The people of Johanasburg still have some religious ties they have not yet abandoned since they still ask “God to have grace upon us.” (pg. 58). There is likewise still optimism that also stays, even in Shanty Town, they dance around the fire and sing “God Save Africa.” (pg. 58). Arthur Jarvis reveals excellent hope and motivation to the black and white people of Africa. He is even so going to assist others that he quits an opportunity for an effective organisation carrier to spread he sees.

He might absolutely be symbolic of the Christ figure in this book. There is a modification in the way that Jarvis and Kumalo see each other. Jarvis sees Kumalo as an excellent pastor, dad and positive. “I understand what I did not understand. There is no anger in me.” (pg. 181). Once again Kumalo sees Jarvis in a new perspective by having him a caring father, employer and someone who cares about the town of Ndotsheni. Almost everybody has a new determination to create a better life in South Africa.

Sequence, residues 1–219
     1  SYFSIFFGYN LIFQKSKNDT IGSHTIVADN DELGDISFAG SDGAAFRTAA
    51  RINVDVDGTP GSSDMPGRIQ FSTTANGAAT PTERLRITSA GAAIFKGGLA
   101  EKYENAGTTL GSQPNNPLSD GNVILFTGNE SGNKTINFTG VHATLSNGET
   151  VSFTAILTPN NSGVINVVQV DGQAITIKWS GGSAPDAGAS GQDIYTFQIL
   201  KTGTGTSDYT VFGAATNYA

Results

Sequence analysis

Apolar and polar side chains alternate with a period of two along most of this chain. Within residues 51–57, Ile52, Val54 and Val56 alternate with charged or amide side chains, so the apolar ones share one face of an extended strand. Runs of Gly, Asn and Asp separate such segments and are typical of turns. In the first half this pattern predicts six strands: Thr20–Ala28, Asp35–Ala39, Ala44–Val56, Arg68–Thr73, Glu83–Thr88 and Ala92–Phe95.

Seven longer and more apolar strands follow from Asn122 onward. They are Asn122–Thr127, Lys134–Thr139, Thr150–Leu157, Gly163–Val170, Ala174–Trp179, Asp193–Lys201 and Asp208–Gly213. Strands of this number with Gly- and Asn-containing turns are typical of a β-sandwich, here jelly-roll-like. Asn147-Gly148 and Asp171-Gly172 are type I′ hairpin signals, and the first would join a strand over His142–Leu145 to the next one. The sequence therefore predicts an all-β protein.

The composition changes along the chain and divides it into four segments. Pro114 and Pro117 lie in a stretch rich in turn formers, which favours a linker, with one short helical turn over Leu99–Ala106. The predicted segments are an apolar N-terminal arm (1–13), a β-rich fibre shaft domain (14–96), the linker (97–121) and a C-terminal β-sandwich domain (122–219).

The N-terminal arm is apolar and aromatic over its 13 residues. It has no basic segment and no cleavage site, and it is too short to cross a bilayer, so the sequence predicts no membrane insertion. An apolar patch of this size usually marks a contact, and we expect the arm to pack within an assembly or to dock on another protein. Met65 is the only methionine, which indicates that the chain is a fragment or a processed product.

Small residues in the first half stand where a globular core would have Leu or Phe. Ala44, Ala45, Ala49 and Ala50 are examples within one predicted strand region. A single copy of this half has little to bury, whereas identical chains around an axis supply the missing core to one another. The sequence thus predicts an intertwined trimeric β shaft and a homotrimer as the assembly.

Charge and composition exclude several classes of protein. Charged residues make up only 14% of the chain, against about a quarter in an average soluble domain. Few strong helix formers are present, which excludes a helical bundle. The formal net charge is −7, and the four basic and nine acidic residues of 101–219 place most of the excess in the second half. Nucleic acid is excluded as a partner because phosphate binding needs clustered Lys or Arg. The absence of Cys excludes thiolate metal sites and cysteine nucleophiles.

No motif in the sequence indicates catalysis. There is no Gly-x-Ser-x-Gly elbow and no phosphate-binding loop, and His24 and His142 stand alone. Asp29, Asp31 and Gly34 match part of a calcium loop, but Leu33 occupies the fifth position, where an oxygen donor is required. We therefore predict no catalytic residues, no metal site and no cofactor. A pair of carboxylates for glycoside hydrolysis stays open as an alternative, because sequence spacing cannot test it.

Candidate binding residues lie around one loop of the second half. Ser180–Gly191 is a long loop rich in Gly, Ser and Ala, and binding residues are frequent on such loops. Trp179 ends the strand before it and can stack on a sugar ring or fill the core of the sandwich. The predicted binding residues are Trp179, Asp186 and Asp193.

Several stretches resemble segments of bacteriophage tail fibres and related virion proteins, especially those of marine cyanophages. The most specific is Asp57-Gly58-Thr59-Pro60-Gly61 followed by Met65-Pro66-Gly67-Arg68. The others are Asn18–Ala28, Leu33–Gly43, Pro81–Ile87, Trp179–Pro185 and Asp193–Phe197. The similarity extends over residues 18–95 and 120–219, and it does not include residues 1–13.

Jarvis understood what needed to occur in order to have South Africa function appropriately, when he read Lincoln’s 2nd inaugural address he felt a responsibility to help his precious country in such a way that all South Africans ought to feel. “With malice towards none, with charity for all, with firmness in the right, as God provides us to see the right, let us aim on to end up the war we are in, to bind up the nation’s wounds, to care for him who shall have borne the battle and for his widow and his orphan– to do all which may achieve and value a simply and lasting peace amongst ourselves and with all nations.” (pg. 155)